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Title: Turtle module transparency.
Type: enhancement Stage: resolved
Components: Library (Lib), Tkinter Versions: Python 3.5
Status: closed Resolution: third party
Dependencies: Superseder:
Assigned To: Nosy List: Eli Innis, r.david.murray, serhiy.storchaka, terry.reedy
Priority: normal Keywords:

Created on 2014-03-14 03:39 by Eli Innis, last changed 2022-04-11 14:57 by admin. This issue is now closed.

File name Uploaded Description Edit
1518814_771323949547840_717525448_n.jpg Eli Innis, 2014-03-14 03:39 Drawn in Python with no transparency.
Messages (5)
msg213515 - (view) Author: Eli Innis (Eli Innis) Date: 2014-03-14 03:39
Python's Turtle module doesn't support transparency.

I emailed the developer that was listed in the Turtle module code,
thinking that was the right way to get help updating it.

I then messaged Python's Facebook page looking for anybody
to help me with this issue.

I then gave a shout out to Jessica McKellar of the
Boston Python User Group, in hopes that she'd know what to do,
as she's more of a Python guru than I.

She recommended I submit a bug report.  Fancy that :)

I'm writing a book to teach the community art,
and I want to use Python as the core for the computer graphics lessons.

While I can create basic graphics, I feel totally constrained by the lack of of RGBA support.

What I'd like is for the Turtle module to default to RGB if three values are given in the tuple for color, but if an optional 4th value exists, then it'll use that value for alpha transparency.

I would think it would be OK if it follows a simlar convention:
0 - 255  (vs)  0 - 1.0
transparency range depending on how
the previous three values for color were inputted.

I looked into the Turtle code.
While it looks like it would be possible to impliment there,
I believe the bottleneck is the tkinter that it relies on.

I don't believe that tkinter handles transparency in Linux.

I wouldn't think this would be an unsurmountable hurdle,
as there's a similar Python + Tutle combo out there called Pynguin
that actually handles transparency.

I couldn't get as much out of that though,
because I'd have to battle with the interface.

I also considered other modules, such as matplotlib
or Pygame, but I think that's adding a layer of complexity
that I'd rather the end-user not have to deal with.

If anyone can take on this challenge and help out,
together, we can take Python graphics to the next level :D
msg213546 - (view) Author: R. David Murray (r.david.murray) * (Python committer) Date: 2014-03-14 13:28
From a little researching it isn't clear whether it is just tkinter that doesn't support alpha, or if TK itself has issues...but I'm hoping it is just the former (I found discussions of alpha for images, and it sounds like the Tk canvas supports displaying such images, but I couldn't find anything definitive about non-image support for alpha values).  If Tk doesn't have full support, you'd have to take a step farther back and get the needed RGBA support into TK itself.  Using a graphics package other than TK is a non-starter for the standard library.

So, assuming TK supports it, this is two feature requests: tkinter alpha channel support, and Turtle RGBA support.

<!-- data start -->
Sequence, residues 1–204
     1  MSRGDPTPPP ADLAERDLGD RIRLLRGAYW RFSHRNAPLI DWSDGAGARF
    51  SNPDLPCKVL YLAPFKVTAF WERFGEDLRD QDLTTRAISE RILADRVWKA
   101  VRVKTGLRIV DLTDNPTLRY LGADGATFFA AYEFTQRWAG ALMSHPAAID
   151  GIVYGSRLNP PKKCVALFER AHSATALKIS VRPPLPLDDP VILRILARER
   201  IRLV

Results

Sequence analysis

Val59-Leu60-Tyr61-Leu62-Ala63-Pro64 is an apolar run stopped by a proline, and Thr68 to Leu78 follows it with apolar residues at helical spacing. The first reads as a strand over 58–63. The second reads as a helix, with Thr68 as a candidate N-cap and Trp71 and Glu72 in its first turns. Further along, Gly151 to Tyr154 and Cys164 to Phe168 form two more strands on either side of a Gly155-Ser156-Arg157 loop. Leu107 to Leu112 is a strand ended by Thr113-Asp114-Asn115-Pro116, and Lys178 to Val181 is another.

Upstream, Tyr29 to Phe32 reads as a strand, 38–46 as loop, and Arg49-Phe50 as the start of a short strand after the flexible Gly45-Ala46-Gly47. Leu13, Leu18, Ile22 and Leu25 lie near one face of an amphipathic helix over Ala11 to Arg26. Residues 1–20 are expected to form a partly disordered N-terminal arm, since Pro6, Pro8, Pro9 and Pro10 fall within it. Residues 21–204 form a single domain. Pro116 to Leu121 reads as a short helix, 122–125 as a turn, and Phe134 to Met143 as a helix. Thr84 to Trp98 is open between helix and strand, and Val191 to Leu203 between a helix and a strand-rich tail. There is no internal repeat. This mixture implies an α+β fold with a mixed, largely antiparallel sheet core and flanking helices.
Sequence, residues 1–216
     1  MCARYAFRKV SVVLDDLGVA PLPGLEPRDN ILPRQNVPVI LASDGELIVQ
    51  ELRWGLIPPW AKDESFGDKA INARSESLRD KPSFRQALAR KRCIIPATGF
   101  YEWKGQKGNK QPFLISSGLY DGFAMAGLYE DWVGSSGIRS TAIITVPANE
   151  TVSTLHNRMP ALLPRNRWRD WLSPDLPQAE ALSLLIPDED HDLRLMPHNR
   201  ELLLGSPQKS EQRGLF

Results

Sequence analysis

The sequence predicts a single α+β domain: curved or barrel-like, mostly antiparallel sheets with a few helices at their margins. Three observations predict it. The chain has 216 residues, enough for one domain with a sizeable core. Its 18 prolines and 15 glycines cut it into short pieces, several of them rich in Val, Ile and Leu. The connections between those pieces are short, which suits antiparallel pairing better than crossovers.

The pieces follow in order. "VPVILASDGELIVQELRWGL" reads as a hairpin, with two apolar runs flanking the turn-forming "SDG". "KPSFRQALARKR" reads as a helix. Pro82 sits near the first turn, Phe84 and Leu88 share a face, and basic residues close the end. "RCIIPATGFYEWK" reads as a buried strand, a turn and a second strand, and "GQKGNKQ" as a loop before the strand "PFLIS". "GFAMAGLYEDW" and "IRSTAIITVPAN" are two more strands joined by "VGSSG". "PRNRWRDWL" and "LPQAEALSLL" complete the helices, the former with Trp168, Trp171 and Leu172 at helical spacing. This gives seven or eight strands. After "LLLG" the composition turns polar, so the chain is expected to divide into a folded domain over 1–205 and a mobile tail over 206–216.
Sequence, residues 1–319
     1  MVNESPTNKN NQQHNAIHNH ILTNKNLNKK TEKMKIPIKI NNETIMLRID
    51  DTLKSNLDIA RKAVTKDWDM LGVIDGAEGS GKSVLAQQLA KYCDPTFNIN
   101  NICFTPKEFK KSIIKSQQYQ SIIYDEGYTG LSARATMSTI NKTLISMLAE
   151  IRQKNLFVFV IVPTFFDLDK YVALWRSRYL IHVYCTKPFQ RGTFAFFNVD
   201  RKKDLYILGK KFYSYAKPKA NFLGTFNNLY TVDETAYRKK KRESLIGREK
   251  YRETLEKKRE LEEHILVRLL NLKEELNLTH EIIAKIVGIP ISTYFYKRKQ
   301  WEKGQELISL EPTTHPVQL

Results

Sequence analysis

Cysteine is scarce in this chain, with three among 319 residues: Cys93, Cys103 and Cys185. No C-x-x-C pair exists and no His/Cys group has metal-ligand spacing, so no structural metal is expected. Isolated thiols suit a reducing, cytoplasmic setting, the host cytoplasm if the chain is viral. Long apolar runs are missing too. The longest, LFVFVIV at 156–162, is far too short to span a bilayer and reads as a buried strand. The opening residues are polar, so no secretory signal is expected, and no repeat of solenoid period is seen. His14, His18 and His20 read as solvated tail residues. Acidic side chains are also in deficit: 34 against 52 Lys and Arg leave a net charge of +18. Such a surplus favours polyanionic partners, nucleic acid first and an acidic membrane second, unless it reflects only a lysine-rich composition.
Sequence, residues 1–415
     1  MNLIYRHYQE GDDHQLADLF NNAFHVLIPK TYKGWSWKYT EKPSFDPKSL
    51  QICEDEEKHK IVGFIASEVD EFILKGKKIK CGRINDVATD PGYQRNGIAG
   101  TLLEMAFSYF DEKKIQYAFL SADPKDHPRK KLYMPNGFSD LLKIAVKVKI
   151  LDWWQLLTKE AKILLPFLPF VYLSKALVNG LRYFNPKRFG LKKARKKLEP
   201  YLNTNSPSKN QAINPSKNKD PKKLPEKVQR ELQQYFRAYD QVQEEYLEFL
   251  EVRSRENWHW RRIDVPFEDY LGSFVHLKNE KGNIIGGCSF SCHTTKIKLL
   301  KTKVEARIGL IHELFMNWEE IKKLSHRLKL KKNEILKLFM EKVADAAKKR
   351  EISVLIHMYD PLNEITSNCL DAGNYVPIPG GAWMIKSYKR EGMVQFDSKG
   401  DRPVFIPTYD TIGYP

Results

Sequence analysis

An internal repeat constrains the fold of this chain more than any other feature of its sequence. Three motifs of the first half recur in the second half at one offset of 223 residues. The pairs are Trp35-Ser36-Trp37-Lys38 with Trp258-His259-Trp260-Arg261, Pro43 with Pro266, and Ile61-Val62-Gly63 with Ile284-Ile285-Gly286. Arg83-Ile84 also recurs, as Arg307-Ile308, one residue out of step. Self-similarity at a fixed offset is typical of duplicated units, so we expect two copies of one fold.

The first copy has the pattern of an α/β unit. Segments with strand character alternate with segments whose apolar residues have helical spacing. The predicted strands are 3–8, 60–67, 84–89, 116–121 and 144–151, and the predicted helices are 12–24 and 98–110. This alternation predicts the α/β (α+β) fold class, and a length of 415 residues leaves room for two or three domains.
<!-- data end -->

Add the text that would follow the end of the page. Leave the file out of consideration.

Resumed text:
As a feature request it can only go into 3.5.  The tkinter piece should be split out into another issue, with this one depending on it.

There are some people interested in improving tkinter (mostly in the IDLE context currently), but unless you can submit patches yourself probably the best hope for this is for it to get picked up in the GSOC or OPW context as a student project.
msg213603 - (view) Author: Terry J. Reedy (terry.reedy) * (Python committer) Date: 2014-03-15 00:09
Serhiy, do you know about whether Tk (and tkinte) have any image alpha (transparency) support?
msg213643 - (view) Author: Serhiy Storchaka (serhiy.storchaka) * (Python committer) Date: 2014-03-15 06:36
Tk supports alpha only for photo images and as an attribute of top-level window. It doesn't support alpha component in colors.

       The desired color is specified with an object whose string  value
       must have one of the following forms:

       colorname           Any  of the valid textual names for a color defined
                           in the server's color database file, such as red or

       #RRRRGGGGBBBB       A numeric specification of the red, green, and blue
                           intensities to use to display the color.   Each  R,
                           G, or B represents a single hexadecimal digit.  The
                           four forms  permit  colors  to  be  specified  with
                           4-bit,  8-bit, 12-bit or 16-bit values.  When fewer
                           than 16 bits are provided for each color, they rep-
                           resent  the  most  significant  bits  of the color,
                           while the lower unfilled bits  will  be  repeatedly
                           replicated  from  the  available  higher bits.  For
                           example, #3a7 is the same as #3333aaaa7777.
msg213685 - (view) Author: Terry J. Reedy (terry.reedy) * (Python committer) Date: 2014-03-15 21:31
Closing due to 3rd party limitation, much as I wish it were not so.
Date User Action Args
2022-04-11 14:57:59adminsetgithub: 65119
2014-03-15 21:31:09terry.reedysetstatus: open -> closed
resolution: third party
messages: + msg213685

stage: test needed -> resolved
2014-03-15 06:36:57serhiy.storchakasetmessages: + msg213643
2014-03-15 00:09:47terry.reedysetnosy: + terry.reedy, serhiy.storchaka

messages: + msg213603
stage: test needed
2014-03-14 13:28:05r.david.murraysetversions: - Python 3.1, Python 2.7, Python 3.2, Python 3.3, Python 3.4
nosy: + r.david.murray

messages: + msg213546

components: + Library (Lib), - Extension Modules
type: behavior -> enhancement
2014-03-14 03:39:31Eli Inniscreate